CHARLOTTE – Proposed office buildings in Uptown and in SouthPark are expected to seek rents several dollars higher per square foot than any rents being paid currently.
Last month, plans were revealed for an Uptown office tower to be developed by local company Spectrum Properties. The Spectrum tower is the third plan revealed for Uptown, after plans by Portman Holdings and Crescent Communities were revealed previously.
A few miles down the road in SouthPark, another local developer, Lincoln Harris, has received a rezoning that will allow it to build two sister office buildings.
The Charlotte real estate industry is abuzz with the new office activity; it’s been two years since any office space was completed in the city.
But real estate sources say that the Spectrum project and the Lincoln Harris project are looking to take advantage of that lack of new space and will ask tenants to pay somewhere in the mid-$30s per square foot in rent, which would be the highest office rents in the city.
Those rents could potentially drive office users elsewhere.
Andrew Jenkins, managing partner of Charlotte-based Karnes Co., an office-market analytics firm, said previous new buildings in the city had tried asking for rents above the $30 threshold, but couldn’t keep them up.
“When NASCAR (Plaza) came online, they were asking between $31 and $33 (per square foot),” Jenkins said of the Uptown office building that was finished in 2009. “But they’ve come down to the high-$20s since then.”
Around the same time NASCAR Plaza was finished, the Ally Center and the Duke Energy Center were also finished. Jenkins said rents at Duke are between $28 and $32 per square foot and are $26 per foot at the Ally Center.
Not only are the rents for the Spectrum project and the Lincoln Harris project reputed to be higher than those buildings, sources say they’ll be much higher than average rents in either the SouthPark or Uptown office markets.
Sources say the Spectrum tower will be somewhere around 600,000 square feet and is planned to go up at 300 S. Tryon St. The Lincoln Harris project, which is called Capitol Towers, will be two buildings totaling 475,000 square feet, according to the company.
The sources quoting the Spectrum rents wished to remain unnamed, but Taylor Allison, an office analyst at Jones Lang LaSalle, said he’s heard Lincoln Harris is quoting around $35 per foot for Capitol Towers.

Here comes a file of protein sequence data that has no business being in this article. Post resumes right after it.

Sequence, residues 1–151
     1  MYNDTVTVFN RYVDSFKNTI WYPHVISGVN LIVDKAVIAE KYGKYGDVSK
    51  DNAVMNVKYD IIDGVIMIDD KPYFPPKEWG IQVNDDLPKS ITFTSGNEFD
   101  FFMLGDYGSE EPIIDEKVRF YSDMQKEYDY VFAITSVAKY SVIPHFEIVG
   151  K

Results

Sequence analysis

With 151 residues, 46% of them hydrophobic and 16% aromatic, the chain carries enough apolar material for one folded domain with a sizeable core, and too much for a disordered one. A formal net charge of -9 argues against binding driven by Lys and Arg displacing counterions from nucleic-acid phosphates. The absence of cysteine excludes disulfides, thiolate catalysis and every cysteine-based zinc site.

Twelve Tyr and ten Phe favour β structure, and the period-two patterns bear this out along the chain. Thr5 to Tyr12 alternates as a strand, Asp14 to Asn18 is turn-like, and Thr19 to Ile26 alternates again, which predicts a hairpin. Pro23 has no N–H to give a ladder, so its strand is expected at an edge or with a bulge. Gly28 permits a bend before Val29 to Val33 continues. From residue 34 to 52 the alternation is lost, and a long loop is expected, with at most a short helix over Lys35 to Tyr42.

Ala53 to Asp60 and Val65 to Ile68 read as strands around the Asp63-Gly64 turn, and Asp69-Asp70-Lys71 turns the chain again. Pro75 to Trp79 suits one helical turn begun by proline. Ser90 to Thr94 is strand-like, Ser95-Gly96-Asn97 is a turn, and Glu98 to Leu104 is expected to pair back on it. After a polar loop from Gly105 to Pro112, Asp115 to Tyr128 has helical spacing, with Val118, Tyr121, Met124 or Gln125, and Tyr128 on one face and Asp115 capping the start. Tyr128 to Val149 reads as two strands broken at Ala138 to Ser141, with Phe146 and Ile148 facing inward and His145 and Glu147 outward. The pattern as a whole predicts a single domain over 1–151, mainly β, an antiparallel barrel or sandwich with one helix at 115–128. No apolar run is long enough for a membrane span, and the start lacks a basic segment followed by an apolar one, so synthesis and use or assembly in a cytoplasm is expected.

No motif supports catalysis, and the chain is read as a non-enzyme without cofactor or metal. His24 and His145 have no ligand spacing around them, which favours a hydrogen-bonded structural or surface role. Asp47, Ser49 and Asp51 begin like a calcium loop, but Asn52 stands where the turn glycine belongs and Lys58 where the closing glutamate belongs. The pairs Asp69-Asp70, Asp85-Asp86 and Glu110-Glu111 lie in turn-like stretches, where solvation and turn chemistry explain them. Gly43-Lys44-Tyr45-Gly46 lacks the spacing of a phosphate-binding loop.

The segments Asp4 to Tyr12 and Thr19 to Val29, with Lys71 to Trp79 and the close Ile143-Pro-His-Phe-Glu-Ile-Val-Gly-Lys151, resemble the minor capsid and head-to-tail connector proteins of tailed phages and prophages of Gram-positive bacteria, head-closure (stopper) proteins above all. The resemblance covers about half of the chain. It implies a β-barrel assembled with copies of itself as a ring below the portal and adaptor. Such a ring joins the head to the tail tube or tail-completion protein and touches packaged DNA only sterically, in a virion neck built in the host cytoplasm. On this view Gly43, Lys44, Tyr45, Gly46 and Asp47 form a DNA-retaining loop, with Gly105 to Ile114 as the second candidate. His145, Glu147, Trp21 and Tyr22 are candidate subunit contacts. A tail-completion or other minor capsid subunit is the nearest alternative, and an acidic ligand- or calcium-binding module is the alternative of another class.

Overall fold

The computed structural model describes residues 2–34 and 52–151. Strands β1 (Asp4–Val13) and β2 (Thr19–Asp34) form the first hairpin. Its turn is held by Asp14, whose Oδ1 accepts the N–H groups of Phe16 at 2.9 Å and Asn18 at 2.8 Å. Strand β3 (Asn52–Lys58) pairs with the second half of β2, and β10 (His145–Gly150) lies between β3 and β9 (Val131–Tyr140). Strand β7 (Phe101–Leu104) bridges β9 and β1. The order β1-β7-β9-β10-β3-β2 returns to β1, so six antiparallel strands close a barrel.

Jenkins said the highest rents in Uptown, beside the Duke Energy Center, are at the Bank of America Corporate Center and One Wells Fargo, which he said both charge $32 per square foot.
The highest office rent in SouthPark is $30 per square foot at Piedmont Town Center, Jenkins said.
Average office rent in all of the Charlotte office market is $22.76 per square foot, according to Karnes data. In the respective submarkets, the average rent in Uptown is $28.48 and the average rent in SouthPark is $25.12.
So will tenants pay $35 per square foot in those markets?
John Ball, a senior leasing agent with Trinity Partners, said it likely will be a challenge for Spectrum to get $35 and up for rent in Uptown.
“If they’re planning on charging mid-$30s per foot, that would be above high end. It would be more expensive than what we could do on our site,” Ball said, referring to the project Trinity is planning with Portman Holdings in Uptown, one of the three planned office buildings.
“They would be banking on the flight to quality. Banking on the scarcity of big blocks of space. It will be a test.”
Jenkins said when tenants start seeing $35-per-foot rents in Uptown and SouthPark, they may choose to eschew that space and find something of similar quality in another submarket, or another market altogether.
“That’s going to be an interesting dilemma,” Jenkins said. “Do they want to be in urban space or do they want to be in suburban space?”
Jenkins said Bissell, the company that developed the Ballantyne Corporate Center, “might say, ‘Hey, if you want tower space, we can build tower space.’ It might not be 60 stories, but they can build a tower (in Ballantyne) that would be cheaper.”
In the end, it’s going to come down to supply and demand. Large blocks of contiguous office space aren’t available in SouthPark and Uptown, two of Charlotte’s most desirable markets. So developers are betting that tenants want to be in those markets badly enough that they’ll fork over more money than anyone else in the city is paying.
“We haven’t had much new property come online since 2009,” Jenkins said. “You can kind of look at that as five years of pent-up rent escalation. You don’t have very much availability in those markets.”
Allison conceded: “It is higher, but it’s expected with new development. Duke Energy and some of the other trophy buildings are asking in the low $30s and if they had significant high-quality vacancies they could potentially push into the mid-$30s. I am not sure what (Spectrum and Lincoln Harris) will actually get in terms of rents, but it is definitely expected to ask in the mid-$30s.”
Charlotte’s most expensive office rents per square foot
1. Spectrum Properties – mid-$30s
2. Capitol Towers – mid-$30s
3. One Wells Fargo – $32
4. Bank of America Corporate Center – $32
5. Duke Energy Center – $28-$32
6. Hearst Tower – $31
7. 5/3 Center – $29.50
*Data from Karnes Co.